we go from doing none of this at all (my bodybuilding days), to doing a

little too much. But it seems like we have gotten ahold of the whole

mobility concept.

That being said it is extremely important. In my experience with

performing the Functional Movement Screen on hundreds of clients,

lack of mobility in the ankle, hip, and thoracic spine pops up most of

the time. So, enhancing and improving mobility is something we all

need a little bit more of. It’s the main reason why we warm up, to

improve the range of motion. If we want to squat that day, we will

need to enhance our ability to squat and that is where mobility work

comes in. It helps get synovial fluid into the joint lubricating it thus

helping us to move better.


4. To rehearse and improve overall movement patterns

I feel this is the most important part of the warm-up. It covers a lot of

bases and helps a variety of factors such as mobility, CNS, and tissue

temperature. It also gets the body and mind connected to the

movement ahead. We can use low-level loads and intensity of certain

movements to help improve that movement.

Let’s take the deadlift. If we are doing deadlifts that day I like to start

with some basic hip hinge movements with no load, say a good

morning. Then hop over to a light kettlebell deadlift. Then on to the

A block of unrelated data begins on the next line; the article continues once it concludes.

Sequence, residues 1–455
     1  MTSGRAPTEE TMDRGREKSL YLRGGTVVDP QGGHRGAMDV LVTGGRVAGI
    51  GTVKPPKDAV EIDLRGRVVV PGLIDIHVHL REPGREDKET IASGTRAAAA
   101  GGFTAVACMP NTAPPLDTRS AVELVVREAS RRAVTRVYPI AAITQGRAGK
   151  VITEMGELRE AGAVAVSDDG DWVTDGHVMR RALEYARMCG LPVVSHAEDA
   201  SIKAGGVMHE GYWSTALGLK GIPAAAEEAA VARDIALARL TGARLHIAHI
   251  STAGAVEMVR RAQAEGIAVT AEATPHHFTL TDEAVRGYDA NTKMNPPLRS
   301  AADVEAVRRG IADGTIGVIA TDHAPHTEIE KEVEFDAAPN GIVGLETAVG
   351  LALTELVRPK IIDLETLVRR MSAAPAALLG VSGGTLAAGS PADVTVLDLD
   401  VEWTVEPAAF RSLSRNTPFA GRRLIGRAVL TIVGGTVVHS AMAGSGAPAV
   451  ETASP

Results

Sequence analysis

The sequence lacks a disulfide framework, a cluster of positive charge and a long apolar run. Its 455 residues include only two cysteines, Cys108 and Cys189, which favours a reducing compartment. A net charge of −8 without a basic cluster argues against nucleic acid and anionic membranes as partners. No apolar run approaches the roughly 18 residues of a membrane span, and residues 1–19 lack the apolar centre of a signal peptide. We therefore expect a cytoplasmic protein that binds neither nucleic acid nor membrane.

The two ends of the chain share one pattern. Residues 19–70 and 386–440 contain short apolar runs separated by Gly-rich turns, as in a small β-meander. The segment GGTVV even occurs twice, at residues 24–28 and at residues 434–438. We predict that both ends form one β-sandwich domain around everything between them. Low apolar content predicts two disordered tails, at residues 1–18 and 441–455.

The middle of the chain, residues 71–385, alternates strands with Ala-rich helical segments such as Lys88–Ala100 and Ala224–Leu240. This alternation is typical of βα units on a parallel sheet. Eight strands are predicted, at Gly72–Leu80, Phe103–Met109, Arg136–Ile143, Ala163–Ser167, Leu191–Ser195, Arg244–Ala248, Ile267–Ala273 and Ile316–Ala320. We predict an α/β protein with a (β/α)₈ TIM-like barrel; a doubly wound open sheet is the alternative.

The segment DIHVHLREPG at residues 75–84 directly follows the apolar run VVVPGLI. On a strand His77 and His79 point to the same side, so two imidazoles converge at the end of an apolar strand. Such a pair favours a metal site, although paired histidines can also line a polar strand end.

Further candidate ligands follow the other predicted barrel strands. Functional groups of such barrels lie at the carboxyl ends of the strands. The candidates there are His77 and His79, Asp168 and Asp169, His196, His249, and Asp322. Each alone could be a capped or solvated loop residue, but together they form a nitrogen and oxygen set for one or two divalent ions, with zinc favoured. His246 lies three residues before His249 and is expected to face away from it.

bar with a low load on it. By the time we are ready to crank up some

weight, the body already has primped the pump to lift with solid form.

Take a basketball player. Even if you are a three-point shooting

expert, you need to start out shooting a little closer. As you rehearse

the flick of the wrist and the release of the ball, you prepare the body

to shoot a little further. The same goes for lifting weights, running,

and cycling.


5. To activate certain muscles to improve stability

In this part of the warm-up, I want to wake up certain muscles that

commonly seem to be deficient. Most of our daily habits require

sitting a lot and performing poor posture. So, I want to take the

opportunity in the workout to ignite a flame in these sleepy muscles.

The glutes, middle back, and core musculature could all use some

extra attention in the workout. In the warm-up, we can utilize

remedial exercises to help train these muscles to work a little better.

So may seem like rehab or may shun off exercises like band walks,

glute bridges, and band pull-apart since compound movements will do

the job.


On a personal note, I have experienced tremendous benefits from

muscle activation exercises. I have had two hip

surgeries and 2 herniated discs. I can tell a dramatic difference when

I include glute exercises and Stu McGill’s (leading spine researcher)

core-type protocols into my routine. If I skip them, my body will let me

know. I take 15 minutes to prepare for my workout. This has allowed me to continue to train hard while having no pain or injuries.


In essence, all of this essentially helps us to increase performance and

reduce the risk of injury. To do this we need to cover a lot of bases. A

warm-up will take anywhere from 10-20 minutes. This may seem like a

long time but the warm-up is the workout. It should start with a fairly

low intensity and end with something that excites the body's systems

and gets you going.


Click HERE to watch a video of a proper warm-up